by Steven Pisano
The YIVO Institute for Jewish Research was established in 1925 in Poland, with support from leading intellectuals of the time such as Sigmund Freud and Albert Einstein. It moved to New York in 1940 during the outbreak of World War II. YIVO houses the largest collection of materials on Eastern European Jews in the world. But, more than just an exemplary research institution, YIVO also runs many entertaining programs that feature classes, seminars and performances of music, theater, and art.
Last Thursday night, YIVO presented a musical program entitled Sweet Is Thy Voice: "The Song of Songs" in Concert as part of its Sidney Krum Young Artists Concert Series. Singers Lucy Fitz Gibbon, Marie Marquis, Kristin Gornstein, and Jonathan Woody were accompanied by Miki Sawada (piano), Matheus Souza (violin), Colin Brookes (viola), Clare Monfredo (cello), and Ian Rosenbaum (percussion).
The program's name comes from "The Song of Songs," or "Shir hashirim": an unusual book in the Bible because it is not about God or laws, but about love - both romantic and erotic. Both Jews and Christians have long extolled its beauty.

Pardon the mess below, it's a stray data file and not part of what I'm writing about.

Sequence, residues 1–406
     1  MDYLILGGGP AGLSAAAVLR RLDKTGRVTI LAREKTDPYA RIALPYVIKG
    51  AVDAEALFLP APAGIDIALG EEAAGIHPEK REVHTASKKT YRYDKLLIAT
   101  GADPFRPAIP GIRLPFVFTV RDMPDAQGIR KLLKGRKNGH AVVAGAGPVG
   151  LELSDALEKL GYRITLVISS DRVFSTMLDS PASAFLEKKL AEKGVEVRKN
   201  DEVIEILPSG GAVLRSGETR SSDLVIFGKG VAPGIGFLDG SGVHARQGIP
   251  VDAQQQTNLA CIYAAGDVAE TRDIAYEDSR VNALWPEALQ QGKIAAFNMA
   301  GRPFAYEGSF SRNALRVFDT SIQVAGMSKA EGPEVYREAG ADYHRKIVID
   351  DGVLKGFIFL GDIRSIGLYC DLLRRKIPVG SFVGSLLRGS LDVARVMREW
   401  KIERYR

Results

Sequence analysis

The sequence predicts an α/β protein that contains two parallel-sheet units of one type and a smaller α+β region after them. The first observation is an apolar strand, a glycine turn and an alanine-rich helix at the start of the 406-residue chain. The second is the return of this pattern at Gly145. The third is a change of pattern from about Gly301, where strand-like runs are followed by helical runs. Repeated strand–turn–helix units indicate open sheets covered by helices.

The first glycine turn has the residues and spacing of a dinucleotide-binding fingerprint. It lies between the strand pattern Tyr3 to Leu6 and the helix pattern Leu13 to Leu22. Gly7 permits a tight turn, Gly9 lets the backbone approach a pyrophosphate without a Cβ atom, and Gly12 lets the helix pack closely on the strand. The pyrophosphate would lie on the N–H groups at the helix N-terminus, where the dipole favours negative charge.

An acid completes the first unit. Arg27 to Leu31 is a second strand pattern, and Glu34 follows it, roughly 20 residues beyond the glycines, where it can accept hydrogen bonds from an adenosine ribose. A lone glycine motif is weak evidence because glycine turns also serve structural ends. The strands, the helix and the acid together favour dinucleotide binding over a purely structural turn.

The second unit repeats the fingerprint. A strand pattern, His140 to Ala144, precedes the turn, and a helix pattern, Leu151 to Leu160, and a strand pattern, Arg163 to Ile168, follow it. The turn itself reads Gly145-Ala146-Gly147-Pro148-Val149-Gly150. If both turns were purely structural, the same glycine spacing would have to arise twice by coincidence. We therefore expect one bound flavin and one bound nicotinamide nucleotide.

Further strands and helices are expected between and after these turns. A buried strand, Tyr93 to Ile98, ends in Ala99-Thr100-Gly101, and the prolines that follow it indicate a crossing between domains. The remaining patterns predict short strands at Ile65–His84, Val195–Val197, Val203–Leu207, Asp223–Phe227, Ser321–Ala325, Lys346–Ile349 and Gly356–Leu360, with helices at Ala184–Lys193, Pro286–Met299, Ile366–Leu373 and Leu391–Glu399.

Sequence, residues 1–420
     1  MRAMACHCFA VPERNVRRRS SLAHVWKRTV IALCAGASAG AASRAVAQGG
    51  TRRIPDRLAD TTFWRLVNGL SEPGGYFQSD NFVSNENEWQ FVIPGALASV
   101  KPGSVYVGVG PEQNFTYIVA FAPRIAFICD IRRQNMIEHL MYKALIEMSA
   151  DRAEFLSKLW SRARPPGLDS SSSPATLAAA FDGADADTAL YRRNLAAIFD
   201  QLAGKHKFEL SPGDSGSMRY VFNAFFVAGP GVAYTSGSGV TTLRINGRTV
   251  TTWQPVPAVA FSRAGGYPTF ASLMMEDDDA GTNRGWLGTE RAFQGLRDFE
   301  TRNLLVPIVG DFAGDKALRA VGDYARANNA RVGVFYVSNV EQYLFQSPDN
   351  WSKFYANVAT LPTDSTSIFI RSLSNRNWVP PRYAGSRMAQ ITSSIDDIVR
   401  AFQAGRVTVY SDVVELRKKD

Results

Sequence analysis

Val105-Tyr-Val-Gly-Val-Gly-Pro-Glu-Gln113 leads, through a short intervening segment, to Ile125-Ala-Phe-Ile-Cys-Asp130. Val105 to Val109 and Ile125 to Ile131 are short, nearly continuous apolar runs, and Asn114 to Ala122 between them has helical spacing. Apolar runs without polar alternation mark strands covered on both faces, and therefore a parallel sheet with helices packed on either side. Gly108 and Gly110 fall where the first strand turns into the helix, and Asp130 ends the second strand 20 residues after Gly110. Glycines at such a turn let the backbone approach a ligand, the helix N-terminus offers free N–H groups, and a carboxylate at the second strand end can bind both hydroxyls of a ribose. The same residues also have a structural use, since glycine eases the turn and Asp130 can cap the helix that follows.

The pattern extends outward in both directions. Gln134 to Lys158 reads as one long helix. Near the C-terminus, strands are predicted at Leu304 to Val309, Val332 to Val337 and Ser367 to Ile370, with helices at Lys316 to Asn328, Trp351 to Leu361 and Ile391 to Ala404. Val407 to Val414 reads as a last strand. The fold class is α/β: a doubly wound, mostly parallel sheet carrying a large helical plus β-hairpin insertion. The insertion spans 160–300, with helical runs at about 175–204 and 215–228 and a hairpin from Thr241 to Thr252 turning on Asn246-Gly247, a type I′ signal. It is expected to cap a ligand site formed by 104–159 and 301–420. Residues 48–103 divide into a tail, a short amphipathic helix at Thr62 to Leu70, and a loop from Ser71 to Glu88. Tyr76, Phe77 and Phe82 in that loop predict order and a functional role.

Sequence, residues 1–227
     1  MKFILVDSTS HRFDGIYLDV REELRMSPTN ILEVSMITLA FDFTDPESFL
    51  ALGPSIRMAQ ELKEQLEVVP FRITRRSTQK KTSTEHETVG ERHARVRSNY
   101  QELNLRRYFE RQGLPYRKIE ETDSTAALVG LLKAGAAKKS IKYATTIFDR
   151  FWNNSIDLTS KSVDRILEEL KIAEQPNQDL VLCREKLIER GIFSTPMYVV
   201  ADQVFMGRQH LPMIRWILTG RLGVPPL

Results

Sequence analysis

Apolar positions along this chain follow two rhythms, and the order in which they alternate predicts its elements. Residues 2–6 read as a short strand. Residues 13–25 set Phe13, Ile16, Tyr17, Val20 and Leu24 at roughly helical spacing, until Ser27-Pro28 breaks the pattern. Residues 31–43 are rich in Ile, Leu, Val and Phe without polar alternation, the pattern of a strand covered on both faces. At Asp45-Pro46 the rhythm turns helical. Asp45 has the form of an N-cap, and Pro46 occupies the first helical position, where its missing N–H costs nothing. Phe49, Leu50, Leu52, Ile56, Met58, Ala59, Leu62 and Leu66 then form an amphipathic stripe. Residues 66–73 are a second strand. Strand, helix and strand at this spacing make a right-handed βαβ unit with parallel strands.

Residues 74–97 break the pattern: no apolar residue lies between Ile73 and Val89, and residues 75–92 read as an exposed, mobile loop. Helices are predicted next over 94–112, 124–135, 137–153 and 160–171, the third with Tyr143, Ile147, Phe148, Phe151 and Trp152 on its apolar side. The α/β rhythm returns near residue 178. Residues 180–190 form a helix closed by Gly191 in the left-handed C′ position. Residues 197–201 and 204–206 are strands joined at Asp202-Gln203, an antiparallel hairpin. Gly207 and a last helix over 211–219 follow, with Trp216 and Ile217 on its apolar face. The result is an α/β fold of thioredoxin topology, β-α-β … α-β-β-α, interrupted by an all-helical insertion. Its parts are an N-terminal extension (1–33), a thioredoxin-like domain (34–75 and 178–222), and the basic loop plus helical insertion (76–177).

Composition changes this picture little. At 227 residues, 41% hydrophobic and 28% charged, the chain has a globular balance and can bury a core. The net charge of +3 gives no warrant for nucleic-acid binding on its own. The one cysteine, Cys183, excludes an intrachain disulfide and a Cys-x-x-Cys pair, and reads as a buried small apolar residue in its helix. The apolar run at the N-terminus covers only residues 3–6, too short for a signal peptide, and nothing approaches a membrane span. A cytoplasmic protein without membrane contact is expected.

Works presented in this concert dated as far back as Bach's "Wann kommst du, mein Heil?", composed in 1731, though most of the works dated to the first three decades of the last century. The concert even included two world premieres: Na'ama Zisser's "lovesick," which was sung in Hebrew, and "Sought, Wanted, Longed For," by Loren Loiacono.
The program was developed by the composer Alex Weiser, who is the Director of Public Programs at YIVO. Weiser has a knack for innovative programming, having previously served a similar capacity for MATA and presently as a director of Kettle Corn New Music.
Another highlight included "Pitselekh Kinderlekh," from Shir Hashirim: Song of Love, A Musical Operetta, written by Joseph Rumshinsky and Anshel Schorr in 1911. Exquisitely sung in Yiddish with humor and verve by Marquis and Woody, the song featured a back and forth between male and female, just as in the original book of the Bible, that was playful, teasing, and passionate.
The evening ended gloriously with David Lang's "just (after song of songs)," which was written in 2014 and was featured the following year in the movie Youth (directed by Paolo Sorrentino). In short descriptions sung in rotation by Fitz Gibbon, Marquis, and Gornstein, a man and a woman list the attributes of the other that mean the most as part of their longing and love, frequently interspersed with a reference to "my beloved." The song is a hypnotic paean to love that is spiritual, physical, and romantic all at once. I think it is a modern masterpiece.